For readers who might be wondering about what kind of system I am using to do my listening, I should probably point out that I do a LOT of music listening and employ a variety of means to do so in a variety of environments, as I would imagine many music lovers also do. Starting at the more grandiose end of the scale, the system in which I do my most serious listening comprises an Onkyo C-7030 CD player, Legacy Audio StreamLine preamplifier, Legacy Audio PowerBloc2 amplifier, and a pair of Legacy Audio Focus SE speakers augmented by a Legacy Point One subwoofer. I also do a lot of listening while driving in my 2016 Acura RDX with its nice-sounding ELS Studio sound system through which I play CDs (the ones I especially like I rip to the Acura's hard drive so that I can listen to them whenever I want) or stream music through the system using my LG G7 ThinQ cell phone, which features surprisingly sophisticated audio circuitry. For more casual listening at home when I am not in my listening room, I often stream music through the phone into a Vizio soundbar system that has remarkably nice sound for such a diminutive physical presence. And finally, at the least grandiose end of the scale, I have an Ultimate Ears Wonderboom Bluetooth speaker for those occasions where I am somewhere by myself without a sound system but in desperate need of a musical fix. I just can't imagine life without music and I am humbly grateful for the technology that enables us to enjoy it in so many wonderful ways.
Bryan Geyer, Technical Analyst
I initially embraced classical music in 1954 when I mistuned my car radio and heard the Heifetz recording of Mendelssohn's Violin Concerto. That inspired me to board the new "hi-fi" DIY bandwagon. In 1957 I joined one of the pioneer semiconductor makers and spent the next 32 years marketing transistors and microcircuits to military contractors. Home audio DIY projects remained a personal passion until 1989 when we created our own new photography equipment company. I later (2012) revived my interest in two channel audio when we "downsized" our life and determined that mini-monitors + paired subwoofers were a great way to mate fine music with the space constraints of condo living.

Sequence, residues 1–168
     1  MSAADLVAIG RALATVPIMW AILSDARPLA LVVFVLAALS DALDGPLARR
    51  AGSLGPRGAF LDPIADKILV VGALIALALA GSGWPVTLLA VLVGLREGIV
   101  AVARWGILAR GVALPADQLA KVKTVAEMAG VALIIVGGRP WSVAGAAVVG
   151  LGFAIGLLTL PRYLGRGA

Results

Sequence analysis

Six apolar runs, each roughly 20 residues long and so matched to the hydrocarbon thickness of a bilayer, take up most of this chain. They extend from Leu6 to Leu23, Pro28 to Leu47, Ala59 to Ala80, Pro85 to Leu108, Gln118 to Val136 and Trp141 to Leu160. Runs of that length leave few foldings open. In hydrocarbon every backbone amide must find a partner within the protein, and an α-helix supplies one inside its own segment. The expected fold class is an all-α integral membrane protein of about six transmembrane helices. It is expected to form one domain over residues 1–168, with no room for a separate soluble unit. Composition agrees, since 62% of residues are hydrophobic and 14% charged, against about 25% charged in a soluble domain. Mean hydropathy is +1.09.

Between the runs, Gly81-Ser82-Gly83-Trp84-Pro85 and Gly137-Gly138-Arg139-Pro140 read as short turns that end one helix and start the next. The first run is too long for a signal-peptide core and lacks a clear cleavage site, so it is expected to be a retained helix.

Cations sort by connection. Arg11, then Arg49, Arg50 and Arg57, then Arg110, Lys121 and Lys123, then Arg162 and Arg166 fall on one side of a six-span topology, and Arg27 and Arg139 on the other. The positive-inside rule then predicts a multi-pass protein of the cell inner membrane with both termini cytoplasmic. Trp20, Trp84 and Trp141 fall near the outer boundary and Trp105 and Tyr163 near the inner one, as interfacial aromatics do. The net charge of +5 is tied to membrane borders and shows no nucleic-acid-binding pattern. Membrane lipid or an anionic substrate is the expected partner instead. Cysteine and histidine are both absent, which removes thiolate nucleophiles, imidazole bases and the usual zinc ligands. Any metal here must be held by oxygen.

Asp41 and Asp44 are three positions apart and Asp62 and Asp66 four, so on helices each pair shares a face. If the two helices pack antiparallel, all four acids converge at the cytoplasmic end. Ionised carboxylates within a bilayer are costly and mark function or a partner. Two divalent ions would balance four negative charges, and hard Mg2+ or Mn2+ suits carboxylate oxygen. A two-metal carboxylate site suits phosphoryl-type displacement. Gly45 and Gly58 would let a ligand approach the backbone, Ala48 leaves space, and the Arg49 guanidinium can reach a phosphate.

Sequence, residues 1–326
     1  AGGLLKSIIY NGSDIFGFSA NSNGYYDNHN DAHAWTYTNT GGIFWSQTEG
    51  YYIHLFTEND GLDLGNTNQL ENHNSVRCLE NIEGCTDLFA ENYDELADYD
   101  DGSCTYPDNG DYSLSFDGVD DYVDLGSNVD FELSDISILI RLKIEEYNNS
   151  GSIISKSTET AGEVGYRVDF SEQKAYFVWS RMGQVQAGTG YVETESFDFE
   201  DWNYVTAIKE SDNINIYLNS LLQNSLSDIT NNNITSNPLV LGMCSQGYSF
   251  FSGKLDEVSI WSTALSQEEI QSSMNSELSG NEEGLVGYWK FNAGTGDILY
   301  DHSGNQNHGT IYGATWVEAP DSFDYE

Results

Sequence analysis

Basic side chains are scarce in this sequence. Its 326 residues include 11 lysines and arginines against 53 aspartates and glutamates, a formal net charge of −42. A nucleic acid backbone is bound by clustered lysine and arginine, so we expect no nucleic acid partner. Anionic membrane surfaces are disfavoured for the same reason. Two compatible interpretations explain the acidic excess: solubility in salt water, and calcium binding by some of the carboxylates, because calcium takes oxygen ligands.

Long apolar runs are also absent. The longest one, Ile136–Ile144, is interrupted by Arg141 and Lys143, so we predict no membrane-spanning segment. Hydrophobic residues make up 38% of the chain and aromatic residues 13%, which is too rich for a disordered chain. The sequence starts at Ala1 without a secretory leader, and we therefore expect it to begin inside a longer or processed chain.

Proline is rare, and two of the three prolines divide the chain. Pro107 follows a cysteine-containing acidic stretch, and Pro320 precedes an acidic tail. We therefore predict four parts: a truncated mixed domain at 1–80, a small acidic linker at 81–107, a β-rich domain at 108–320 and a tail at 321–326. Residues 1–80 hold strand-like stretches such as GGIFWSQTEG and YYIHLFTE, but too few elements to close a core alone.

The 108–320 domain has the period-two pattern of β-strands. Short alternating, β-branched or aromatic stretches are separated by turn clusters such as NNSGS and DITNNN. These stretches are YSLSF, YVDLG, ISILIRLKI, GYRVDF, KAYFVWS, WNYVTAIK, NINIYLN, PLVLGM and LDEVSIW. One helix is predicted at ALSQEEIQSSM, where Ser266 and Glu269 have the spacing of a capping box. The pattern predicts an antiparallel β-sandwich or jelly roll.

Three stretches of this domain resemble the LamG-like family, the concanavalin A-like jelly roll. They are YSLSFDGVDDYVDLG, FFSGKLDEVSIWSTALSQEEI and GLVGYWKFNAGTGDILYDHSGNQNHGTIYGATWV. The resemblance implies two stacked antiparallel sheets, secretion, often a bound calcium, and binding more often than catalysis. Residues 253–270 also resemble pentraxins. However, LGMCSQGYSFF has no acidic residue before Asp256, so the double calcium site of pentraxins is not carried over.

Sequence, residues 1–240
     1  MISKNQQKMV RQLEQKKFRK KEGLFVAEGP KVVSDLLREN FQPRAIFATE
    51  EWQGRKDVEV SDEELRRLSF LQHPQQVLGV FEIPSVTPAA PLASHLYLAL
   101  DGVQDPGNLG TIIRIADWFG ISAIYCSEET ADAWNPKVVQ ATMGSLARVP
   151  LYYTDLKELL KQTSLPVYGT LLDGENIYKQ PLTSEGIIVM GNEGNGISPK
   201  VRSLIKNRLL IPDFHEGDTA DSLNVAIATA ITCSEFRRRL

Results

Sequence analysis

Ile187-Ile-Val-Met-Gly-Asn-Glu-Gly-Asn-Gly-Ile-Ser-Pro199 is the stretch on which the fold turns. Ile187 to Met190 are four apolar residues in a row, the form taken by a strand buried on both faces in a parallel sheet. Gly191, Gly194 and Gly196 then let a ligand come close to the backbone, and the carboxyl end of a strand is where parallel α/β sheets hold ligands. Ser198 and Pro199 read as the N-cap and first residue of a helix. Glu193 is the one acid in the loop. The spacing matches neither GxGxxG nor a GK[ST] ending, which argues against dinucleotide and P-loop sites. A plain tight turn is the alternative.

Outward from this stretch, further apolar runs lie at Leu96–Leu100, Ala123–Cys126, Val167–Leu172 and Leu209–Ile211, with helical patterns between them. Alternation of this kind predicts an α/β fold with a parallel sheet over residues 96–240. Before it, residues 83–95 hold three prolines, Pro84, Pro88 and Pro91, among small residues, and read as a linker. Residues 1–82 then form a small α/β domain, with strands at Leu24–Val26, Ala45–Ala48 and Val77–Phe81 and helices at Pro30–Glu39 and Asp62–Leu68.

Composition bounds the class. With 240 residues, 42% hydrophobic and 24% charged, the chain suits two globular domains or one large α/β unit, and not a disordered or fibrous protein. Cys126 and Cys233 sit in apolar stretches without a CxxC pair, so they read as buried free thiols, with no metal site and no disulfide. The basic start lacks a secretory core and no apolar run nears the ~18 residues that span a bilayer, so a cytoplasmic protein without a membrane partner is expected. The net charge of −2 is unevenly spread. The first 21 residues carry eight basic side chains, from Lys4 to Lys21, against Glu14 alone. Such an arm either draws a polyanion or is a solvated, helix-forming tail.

Visitors that view my technical papers on this site may wonder why they appear here, rather than on a site that features audio equipment reviews. My reason is that I tried the latter, and prefer to publish for people who actually want to listen to music; not to equipment. My focus is in describing what's technically beneficial to assure that the sound of the system will accurately replicate the source input signal (i. e. exhibit high accuracy) without inordinate cost and complexity. Conversely, most of the audiophiles of today strive to achieve sound that's euphonic, i.e. be personally satisfying. In essence, audiophiles seek sound that's consistent with their desire; the music is simply a test signal.
It is the goal of Classical Candor to promote the enjoyment of classical music. Other forms of music come and go--minuets, waltzes, ragtime, blues, jazz, bebop, country-western, rock-'n'-roll, heavy metal, rap, and the rest--but classical music has been around for hundreds of years and will continue to be around for hundreds more. It's no accident that every major city in the world has one or more symphony orchestras.
When I was young, I heard it said that only intellectuals could appreciate classical music, that it required dedicated concentration to appreciate. Nonsense. I'm no intellectual, and I've always loved classical music. Anyone who's ever seen and enjoyed Disney's Fantasia or a Looney Tunes cartoon playing Rossini's William Tell Overture or Liszt's Hungarian Rhapsody No. 2 can attest to the power and joy of classical music, and that's just about everybody.
So, if Classical Candor can expand one's awareness of classical music and bring more joy to one's life, more power to it. It's done its job. --John J. Puccio